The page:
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Thread: RSV as a commuter

  1. #21
    IanG
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    Quote Originally Posted by interex2050 View Post
    That would be a fairly accurate statement

    All the issues are magnified due to expectations that were far from met.
    In terms of reliability, etc...
    But in reality it is not all that bad, just more than I was willing to deal with.

    Its hard to believe that I sold the 916 to get the SV...


    LOL, Yeah now that IS a strange choice,can see why expectations weren't met in that case.

    I think it's all relative though,NOTHING as far as I know comes with any sort of satisfaction warranty. A friend of mine is a Ducati fanatic and after a 748s went with a 1098s Tricololure and he was never quite convinced by it. It wasn't till we went to an open day at a Duc race tuner/Mv dealers and got talking to people who REALLY knew about them that he found the Ohlins front end fitted to the 1098's are a heap of shite filled with totally mismatched components.

    Once he had all the internals thrown away and replaced with K-Tec springs,race dampers etc he found out how good they should be. As an aside the 1198s also suffers from the same problem ,only there the spring is generally useable,you just need the internal dampers replacing ( or was that the other way round ?) whatever, it's not exceptable on a 15000 + bike.

    My Sv has the front end completely re-built by Maxton Suspension with their internals ,springs etc and it is now far more capable than I will ever be. As soon as I manage to find another job the Mille will be going in for the same treatment,far more worthwhile than an extra 10 BHP.

    There is no substitute for getting your suspension working properly,set up for you,your weight,your riding style,your tyres,and for the type of roads you normally ride on.

    Until you've had this done you have no idea,and once you've experienced properly set suspension you will never be happy with any off the shelf bike again.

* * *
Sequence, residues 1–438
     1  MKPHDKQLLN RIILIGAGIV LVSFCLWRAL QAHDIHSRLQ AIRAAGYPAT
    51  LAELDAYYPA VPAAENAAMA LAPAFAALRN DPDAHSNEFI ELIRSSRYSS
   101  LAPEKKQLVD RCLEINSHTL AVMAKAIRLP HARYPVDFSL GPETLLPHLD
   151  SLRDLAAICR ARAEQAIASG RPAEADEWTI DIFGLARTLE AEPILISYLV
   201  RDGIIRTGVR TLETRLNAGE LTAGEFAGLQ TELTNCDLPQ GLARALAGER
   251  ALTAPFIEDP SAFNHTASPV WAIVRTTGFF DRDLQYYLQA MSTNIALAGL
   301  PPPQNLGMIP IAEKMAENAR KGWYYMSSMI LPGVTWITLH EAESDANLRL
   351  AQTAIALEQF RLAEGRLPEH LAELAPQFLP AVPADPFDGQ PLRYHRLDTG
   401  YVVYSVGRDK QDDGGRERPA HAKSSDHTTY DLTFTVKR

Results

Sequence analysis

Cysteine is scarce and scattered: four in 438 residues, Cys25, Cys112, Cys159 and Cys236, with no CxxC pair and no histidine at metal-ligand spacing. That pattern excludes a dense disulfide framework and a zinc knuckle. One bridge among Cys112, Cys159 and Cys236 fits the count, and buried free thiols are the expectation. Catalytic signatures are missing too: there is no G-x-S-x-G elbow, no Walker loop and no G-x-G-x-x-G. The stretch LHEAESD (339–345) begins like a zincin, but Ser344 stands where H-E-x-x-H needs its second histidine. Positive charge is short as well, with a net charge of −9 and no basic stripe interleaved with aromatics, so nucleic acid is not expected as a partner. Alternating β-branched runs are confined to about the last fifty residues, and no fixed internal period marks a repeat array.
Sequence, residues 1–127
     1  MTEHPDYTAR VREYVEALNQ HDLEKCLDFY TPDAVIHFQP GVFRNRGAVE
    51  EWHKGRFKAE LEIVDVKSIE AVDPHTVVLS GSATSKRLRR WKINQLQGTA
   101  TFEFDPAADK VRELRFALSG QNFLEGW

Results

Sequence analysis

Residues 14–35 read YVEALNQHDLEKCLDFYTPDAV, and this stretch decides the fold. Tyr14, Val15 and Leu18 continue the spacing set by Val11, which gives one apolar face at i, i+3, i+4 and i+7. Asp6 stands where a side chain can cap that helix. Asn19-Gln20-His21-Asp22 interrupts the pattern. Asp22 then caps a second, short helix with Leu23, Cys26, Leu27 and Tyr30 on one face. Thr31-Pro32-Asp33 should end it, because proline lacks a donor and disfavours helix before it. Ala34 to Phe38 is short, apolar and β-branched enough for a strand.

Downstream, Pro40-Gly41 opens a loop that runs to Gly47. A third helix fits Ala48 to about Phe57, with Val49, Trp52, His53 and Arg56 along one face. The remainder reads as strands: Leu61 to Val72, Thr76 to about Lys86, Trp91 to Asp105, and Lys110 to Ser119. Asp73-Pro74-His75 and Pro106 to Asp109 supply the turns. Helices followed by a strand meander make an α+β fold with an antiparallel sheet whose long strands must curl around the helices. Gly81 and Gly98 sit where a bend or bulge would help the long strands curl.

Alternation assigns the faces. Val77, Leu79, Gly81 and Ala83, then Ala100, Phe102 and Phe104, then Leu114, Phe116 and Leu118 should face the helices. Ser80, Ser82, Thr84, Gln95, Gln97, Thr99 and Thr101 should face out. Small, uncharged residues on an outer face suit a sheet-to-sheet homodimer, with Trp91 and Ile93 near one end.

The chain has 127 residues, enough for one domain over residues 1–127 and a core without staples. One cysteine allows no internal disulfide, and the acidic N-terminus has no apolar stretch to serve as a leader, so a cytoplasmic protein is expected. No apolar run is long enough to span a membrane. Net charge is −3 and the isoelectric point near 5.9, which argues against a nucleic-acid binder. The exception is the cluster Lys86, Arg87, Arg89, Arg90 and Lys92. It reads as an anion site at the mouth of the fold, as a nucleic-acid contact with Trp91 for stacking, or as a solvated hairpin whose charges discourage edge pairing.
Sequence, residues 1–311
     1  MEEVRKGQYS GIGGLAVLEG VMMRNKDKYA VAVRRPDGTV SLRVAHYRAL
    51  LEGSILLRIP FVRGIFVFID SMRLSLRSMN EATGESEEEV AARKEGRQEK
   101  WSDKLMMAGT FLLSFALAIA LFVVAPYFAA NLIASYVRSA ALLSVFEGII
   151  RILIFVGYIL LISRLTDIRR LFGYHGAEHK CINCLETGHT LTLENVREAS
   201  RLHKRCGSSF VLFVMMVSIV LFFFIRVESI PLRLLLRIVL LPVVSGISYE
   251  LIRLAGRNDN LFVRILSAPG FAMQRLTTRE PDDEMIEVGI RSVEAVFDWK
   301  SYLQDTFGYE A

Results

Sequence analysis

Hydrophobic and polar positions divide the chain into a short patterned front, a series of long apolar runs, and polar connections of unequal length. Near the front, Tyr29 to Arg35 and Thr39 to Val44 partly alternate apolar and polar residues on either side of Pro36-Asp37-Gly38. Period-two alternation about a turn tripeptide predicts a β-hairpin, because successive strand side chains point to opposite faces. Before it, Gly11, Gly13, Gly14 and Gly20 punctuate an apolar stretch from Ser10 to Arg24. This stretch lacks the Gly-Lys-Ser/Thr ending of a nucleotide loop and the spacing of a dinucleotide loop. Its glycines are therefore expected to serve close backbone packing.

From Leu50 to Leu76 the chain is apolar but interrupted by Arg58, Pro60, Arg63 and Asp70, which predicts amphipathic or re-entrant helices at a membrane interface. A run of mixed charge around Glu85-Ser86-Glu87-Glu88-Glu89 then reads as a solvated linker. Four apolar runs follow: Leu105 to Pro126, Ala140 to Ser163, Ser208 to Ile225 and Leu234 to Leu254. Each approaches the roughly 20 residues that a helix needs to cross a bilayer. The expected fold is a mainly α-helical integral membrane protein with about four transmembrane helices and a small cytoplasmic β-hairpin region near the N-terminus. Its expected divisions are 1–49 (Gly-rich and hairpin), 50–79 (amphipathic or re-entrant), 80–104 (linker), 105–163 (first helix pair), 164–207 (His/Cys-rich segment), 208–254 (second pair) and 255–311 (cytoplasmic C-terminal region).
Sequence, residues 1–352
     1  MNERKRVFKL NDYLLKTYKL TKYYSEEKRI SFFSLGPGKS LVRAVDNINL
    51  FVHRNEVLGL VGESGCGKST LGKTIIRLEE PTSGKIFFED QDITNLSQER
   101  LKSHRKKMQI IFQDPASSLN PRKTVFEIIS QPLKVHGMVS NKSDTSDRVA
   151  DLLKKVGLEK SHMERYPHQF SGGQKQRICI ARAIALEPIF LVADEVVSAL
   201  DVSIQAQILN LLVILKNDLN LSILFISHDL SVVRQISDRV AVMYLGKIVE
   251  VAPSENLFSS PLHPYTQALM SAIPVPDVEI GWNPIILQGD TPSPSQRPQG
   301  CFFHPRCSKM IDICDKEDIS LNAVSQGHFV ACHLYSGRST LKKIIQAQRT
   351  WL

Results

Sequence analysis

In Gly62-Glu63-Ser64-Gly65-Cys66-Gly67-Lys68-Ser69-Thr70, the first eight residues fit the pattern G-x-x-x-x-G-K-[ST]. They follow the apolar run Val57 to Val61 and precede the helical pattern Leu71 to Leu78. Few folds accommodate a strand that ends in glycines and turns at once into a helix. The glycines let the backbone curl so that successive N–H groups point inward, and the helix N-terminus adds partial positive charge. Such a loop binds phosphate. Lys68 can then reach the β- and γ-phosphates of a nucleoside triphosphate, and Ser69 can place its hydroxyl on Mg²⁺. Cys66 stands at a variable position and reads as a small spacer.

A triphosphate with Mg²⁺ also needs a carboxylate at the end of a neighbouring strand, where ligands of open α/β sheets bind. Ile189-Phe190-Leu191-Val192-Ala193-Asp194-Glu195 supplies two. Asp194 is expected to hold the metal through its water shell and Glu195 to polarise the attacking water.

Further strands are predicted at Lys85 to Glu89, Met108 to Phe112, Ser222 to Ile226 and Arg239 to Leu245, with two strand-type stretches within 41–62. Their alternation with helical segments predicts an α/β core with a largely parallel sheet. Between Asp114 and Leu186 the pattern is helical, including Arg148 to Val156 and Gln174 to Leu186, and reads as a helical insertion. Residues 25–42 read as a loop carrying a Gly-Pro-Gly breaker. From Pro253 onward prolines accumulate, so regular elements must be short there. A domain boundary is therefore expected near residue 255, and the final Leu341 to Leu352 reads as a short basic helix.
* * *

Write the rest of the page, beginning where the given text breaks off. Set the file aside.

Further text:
2. #22
    little1uk
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    Quote Originally Posted by IanG View Post
    LOL, Yeah now that IS a strange choice,can see why expectations weren't met in that case.

    I think it's all relative though,NOTHING as far as I know comes with any sort of satisfaction warranty. A friend of mine is a Ducati fanatic and after a 748s went with a 1098s Tricololure and he was never quite convinced by it. It wasn't till we went to an open day at a Duc race tuner/Mv dealers and got talking to people who REALLY knew about them that he found the Ohlins front end fitted to the 1098's are a heap of shite filled with totally mismatched components.

    Once he had all the internals thrown away and replaced with K-Tec springs,race dampers etc he found out how good they should be. As an aside the 1198s also suffers from the same problem ,only there the spring is generally useable,you just need the internal dampers replacing ( or was that the other way round ?) whatever, it's not exceptable on a 15000 + bike.

    My Sv has the front end completely re-built by Maxton Suspension with their internals ,springs etc and it is now far more capable than I will ever be. As soon as I manage to find another job the Mille will be going in for the same treatment,far more worthwhile than an extra 10 BHP.

    There is no substitute for getting your suspension working properly,set up for you,your weight,your riding style,your tyres,and for the type of roads you normally ride on.

    Until you've had this done you have no idea,and once you've experienced properly set suspension you will never be happy with any off the shelf bike again.

    Is the correct answer, no good havin 500 BHP if it wont get round a corner, great on straights but none of us do santa pod, a good suspension set up will give you more confidence to hit a corner harder and quicker and far out weigh any extra horses ya throw ya money at

  3. #23
    Evil Twin Alan Haskins's Avatar
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    Quote Originally Posted by IanG View Post
    LOL, Yeah now that IS a strange choice,can see why expectations weren't met in that case.

    I think it's all relative though,NOTHING as far as I know comes with any sort of satisfaction warranty. A friend of mine is a Ducati fanatic and after a 748s went with a 1098s Tricololure and he was never quite convinced by it. It wasn't till we went to an open day at a Duc race tuner/Mv dealers and got talking to people who REALLY knew about them that he found the Ohlins front end fitted to the 1098's are a heap of shite filled with totally mismatched components.

    Once he had all the internals thrown away and replaced with K-Tec springs,race dampers etc he found out how good they should be. As an aside the 1198s also suffers from the same problem ,only there the spring is generally useable,you just need the internal dampers replacing ( or was that the other way round ?) whatever, it's not exceptable on a 15000 + bike.